Gorilla Ammunition's Silverback line is loaded with solid-copper hollowpoints, manufactured on Swiss-style lathes. Wait, what—"Swiss" lathes? Yes. Monolithic-material bullets, what we confusingly call solid-copper hollowpoints, have to be produced on a lathe.
Copper is too strong a material to be hydraulically shaped, at least when it comes to bullets. So they have to be turned on a lathe: A bar of copper is clamped in the chuck, and the end of it gets cut by the tool, guided by the computer controlling things. The finished bullet falls off, the bar is extended, and the sequence is repeated.
The only problem is the pressure of the tool can flex the bar out of alignment. This is not a problem with materials like steel, as it doesn't flex much, but copper does, and that's where
the Swiss-style lathe comes into play. This type of machine holds the material at both ends so it can't flex, and Gorilla's copper bullets have less than 0.0005 inch of dimensional deviation.
The Silverback pistol line currently comprises .380, 9mm Luger and .45 ACP. The bullet weights are 95 grains for the .380, 115 and 135 for the 9mm, and 230 and 230 for the .45.
The weights for the .380 and the 9mm are understandable. The .380 is your basic weight, 95 grains, but the bullet is longer because copper is less dense than lead so therefore needs to be longer to achieve a certain weight for a certain diameter. The 9mm loadings are a high-velocity 115 grain and a subsonic 135 grain.
The two 230-grain .45 ACP bullets are designed and engineered for two different uses. The FBI load is a bullet designed for maximum performance in the FBI tests, designed to give penetration and expansion even with intermediate barriers. The .45 Self Defense load is designed and engineered for maximum expansion and not with a barrier in mind. Why the two? Not everyone needs or wants a bullet that maxes the FBI score.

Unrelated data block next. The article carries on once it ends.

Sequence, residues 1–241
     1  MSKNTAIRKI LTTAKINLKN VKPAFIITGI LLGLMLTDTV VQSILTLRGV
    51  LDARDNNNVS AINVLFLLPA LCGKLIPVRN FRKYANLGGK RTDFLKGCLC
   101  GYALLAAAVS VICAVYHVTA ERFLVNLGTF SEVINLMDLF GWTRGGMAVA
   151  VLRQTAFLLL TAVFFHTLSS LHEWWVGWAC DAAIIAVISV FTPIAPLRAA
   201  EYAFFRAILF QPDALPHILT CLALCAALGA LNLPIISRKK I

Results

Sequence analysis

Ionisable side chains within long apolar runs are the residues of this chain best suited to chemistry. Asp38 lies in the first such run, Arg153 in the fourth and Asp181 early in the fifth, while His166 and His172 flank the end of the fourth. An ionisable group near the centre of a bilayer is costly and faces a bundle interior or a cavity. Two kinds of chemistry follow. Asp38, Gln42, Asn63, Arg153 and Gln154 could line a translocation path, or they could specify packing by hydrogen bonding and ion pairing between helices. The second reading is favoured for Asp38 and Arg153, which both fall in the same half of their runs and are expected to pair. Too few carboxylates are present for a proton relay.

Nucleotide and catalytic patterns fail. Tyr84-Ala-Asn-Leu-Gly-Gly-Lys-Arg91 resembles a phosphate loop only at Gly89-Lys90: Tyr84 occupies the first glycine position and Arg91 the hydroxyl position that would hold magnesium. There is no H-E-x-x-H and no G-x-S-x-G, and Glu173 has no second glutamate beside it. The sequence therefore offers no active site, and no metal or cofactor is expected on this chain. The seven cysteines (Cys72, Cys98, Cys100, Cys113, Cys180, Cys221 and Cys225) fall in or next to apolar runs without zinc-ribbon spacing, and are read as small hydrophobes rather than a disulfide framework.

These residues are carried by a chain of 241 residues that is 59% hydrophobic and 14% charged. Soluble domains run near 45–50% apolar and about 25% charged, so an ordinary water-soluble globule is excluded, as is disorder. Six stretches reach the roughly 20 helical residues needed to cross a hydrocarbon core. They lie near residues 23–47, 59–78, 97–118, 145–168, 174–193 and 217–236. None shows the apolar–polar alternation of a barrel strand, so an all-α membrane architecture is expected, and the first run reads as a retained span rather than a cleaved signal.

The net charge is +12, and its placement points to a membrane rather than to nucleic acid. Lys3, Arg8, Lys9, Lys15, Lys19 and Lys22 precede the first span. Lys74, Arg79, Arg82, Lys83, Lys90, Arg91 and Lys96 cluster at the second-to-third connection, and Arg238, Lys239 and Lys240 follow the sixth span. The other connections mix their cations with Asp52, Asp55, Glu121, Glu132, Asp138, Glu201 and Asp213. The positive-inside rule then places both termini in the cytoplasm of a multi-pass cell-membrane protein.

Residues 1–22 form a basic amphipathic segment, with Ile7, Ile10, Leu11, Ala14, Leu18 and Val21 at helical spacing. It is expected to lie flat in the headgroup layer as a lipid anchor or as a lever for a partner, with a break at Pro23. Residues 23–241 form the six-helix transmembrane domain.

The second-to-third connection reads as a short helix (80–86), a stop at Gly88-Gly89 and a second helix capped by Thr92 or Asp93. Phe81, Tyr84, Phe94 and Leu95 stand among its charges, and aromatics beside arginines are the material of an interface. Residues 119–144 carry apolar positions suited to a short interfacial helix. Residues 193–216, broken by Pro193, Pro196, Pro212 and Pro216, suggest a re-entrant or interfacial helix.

In each, the hollowpoint's cavity is impressively large and has slits down the ogive. The bullets in the 9mm subsonic and the .45 FBI loads have visible grooves machined in them. That way it will be easy to pick one or the other if you happen to jumble your ammo supply.
All Silverback ammunition is loaded in nickel-plated cases, and Gorilla has designed and built a proprietary system for loading ammunition that takes full advantage of the precision lathe-turned bullets can provide. The process that Gorilla uses to plate the cases, and the resulting finish is called Technichrome, and it produces a case with a high lubricity. It will be slick in feeding, and it will resist oxidation and shrug off grime.
For the 9mm, I selected two handguns and one suppressor. The 115-grain load was tested in a Ruger American and a Nighthawk T3 with suppressor-ready barrel. The 135-grain subsonic went through the Ruger and the Nighthawk with and without the suppressor. For the .45, I used a Springfield Armory 1911A1.
The accuracy was stellar. The groups were brag-worthy, and they were consistent. The velocities were not as great as the specs Gorilla publishes, but that doesn't worry me. Handguns vary in the velocity they deliver, and the velocities recorded in actual handguns are often a bit behind the speeds recorded from test barrels.
The expanded bullets I recovered were impressive. When you can get a 9mm bullet to expand to .805 inch, you have yourself a spectacular performer.
The .45 was off the charts. Some of the bullets actually had their petals bend back past perpendicular and would potentially lose points on the FBI scale because the overall diameter was smaller than it could have been had the petals been perpendicular. The .45 Self Defense load achieved just the FBI minimum of 12 inches of penetration, which some may or may not like—although this ammo wasn't designed to meet the spec. Expansion was more than 1.25 inches. If you want more penetration, then obviously the FBI load is your choice, where you get a nice 15 penetration inches and expansion that is "only" just under an inch.
In the end, with Gorilla Silverback we have brilliantly accurate ammunition, using bullets that penetrate to useful depths, and they expand well in test media.
What's not to like? Maybe the price. The 9mm 115-grain Self-Defense load is available directly from the manufacturer and sells for more than $30 per box of 20. By comparison, Barnes TAC-XPD monolithic copper 115-grain 9mm hollowpoint—a +P load—sells for less than $20 for a 20-round box, based on prices from major retailers.
For more information, visit www.gorillaammo.com.